29 april 2016
John Chiara at the Nextlevel gallery
JOHN CHIARA, PHOTOGRAPHER
In Camera : American Landscapes
Based in San Francisco, John Chiara builds his oversized cameras and transports them with a flatbed trailer to produce unique images of large formats. Both aura of mystery and lyricism, each image is in itself a photographic event.
His work is exhibited at the Nextlevel gallery . This is his first solo exhibition in Europe.
If the photographer usually maintains a close relationship with his camera, then John Chiara is an unconventional case. The photographer goes inside the darkroom that he himself has made, as in a matrix, made his adjustments and then extracted from the cockpit by a narrow passage that does not let light enter. From there the picture will be printed, after a long pause. Back in his studio, he develops the image in a huge tube containing the developer bath.
He builds a camera almost on every site where he decides to work. Thus he has devices in Mississippi, San Francisco, New York … only the United States, at least for now. This is an incredible logistics that brings us back in the time of early photography when artists faced a heavy and cumbersome equipment, and asking for long exposure and development. His photographic technique is also close to the daguerreotype, invented by Louis Daguerre in 1835, which printed the image directly on a glass plate without using negative.
Through his practice, John Chiara gives time to time, in the heart of the digital age. The adventure began in the 90’s. « I was photographying with an average chamber of size 4×5 Linhof Tecnica, which belonged to my grandfather. I was doing my black and white contacts; I loved the setting, the incredible amount of information in this small package. I wanted to keep this “sharpness”, this quality in large format prints. He had to skip the stage of expansion, ie the transfer of the image from the negative onto the photographic paper. So I decided that whatever the desired format, I had to build my equipment and find the right lens for this format and shoot directly on paper. “After years of stalking in the classifieds ads at the end of photo magazines, the arrival of internet allowed him to acquire the ideal lens, a model from the 70s looking like a barrel, a” copy-camera « or ” process-camera “manufactured for industry and advertising.
“I wanted to make something that looks like me … that bears the mark of my hand. And that shows the entire process as a photographic event. My work is a form of meditation on the landscape but also a meditation on photography. “ His inspiration, he says, comes from the first color photographs by Edward Steichen. But also in the approach, of Lewis Baltz for his outlook on depression and residues of American industrial society. The color treatment can make us think of the work of William Eggleston, especially in his Mississippi series.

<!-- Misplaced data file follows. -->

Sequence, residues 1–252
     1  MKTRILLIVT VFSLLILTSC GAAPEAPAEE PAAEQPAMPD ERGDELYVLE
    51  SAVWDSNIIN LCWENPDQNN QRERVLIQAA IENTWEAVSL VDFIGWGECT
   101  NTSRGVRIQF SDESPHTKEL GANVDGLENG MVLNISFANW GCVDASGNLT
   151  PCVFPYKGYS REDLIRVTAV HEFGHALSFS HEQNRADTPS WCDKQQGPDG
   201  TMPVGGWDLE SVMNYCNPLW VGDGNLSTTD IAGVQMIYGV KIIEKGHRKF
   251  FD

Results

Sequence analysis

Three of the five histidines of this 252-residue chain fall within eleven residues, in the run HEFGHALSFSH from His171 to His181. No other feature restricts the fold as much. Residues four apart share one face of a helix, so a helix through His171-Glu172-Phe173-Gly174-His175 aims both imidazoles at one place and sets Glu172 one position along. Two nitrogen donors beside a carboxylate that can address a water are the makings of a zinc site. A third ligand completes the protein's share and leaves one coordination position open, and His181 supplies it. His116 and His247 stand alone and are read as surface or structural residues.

“When you photograph the south (of the US), which is the region where Eggleston is from, it is difficult to make images that do not refer to his work … It’s hard to escape as he is dancing around you ( “he’s dancing around in the landscape”). He also used a very commercial process of color photography and made it something special. It is one of the first “color fine art photographers” and somehow his pictures because he was the first to use these red, are an absolute event: you can not not refer to it while back there. Similarly, in my process, the paper is not a collection paper. It is a commercial paper for industrial use and I use it for artistic purposes because of its conservation quality, and its high saturation, … So there is a similarity to that level … it’s a little bit the same approach as it has a research of color saturation, of commercial paper used for artistic purposes. “
John Chiara researchs by another technical trick to reveal subliminal information on landscape, past events that a normal photographic process would fail to bring to the surface. Landscapes for him, contain “memories,” memories aimed to be reduced to a materiality. To revive this memory, he prints on a paper for obtaining a negative image. This is the case in front of a landscape that contains vestiges of modernism or of American power, something monumental, as in FOOTHILL AT BALBOA, LOS ANGELES, 2012. “I also changed the filter to obtain green here where we think there would be green in the grass, while in reality, it is a desert. This brings to the sight of things that existed. I like this subliminal process that enables the silver photography. “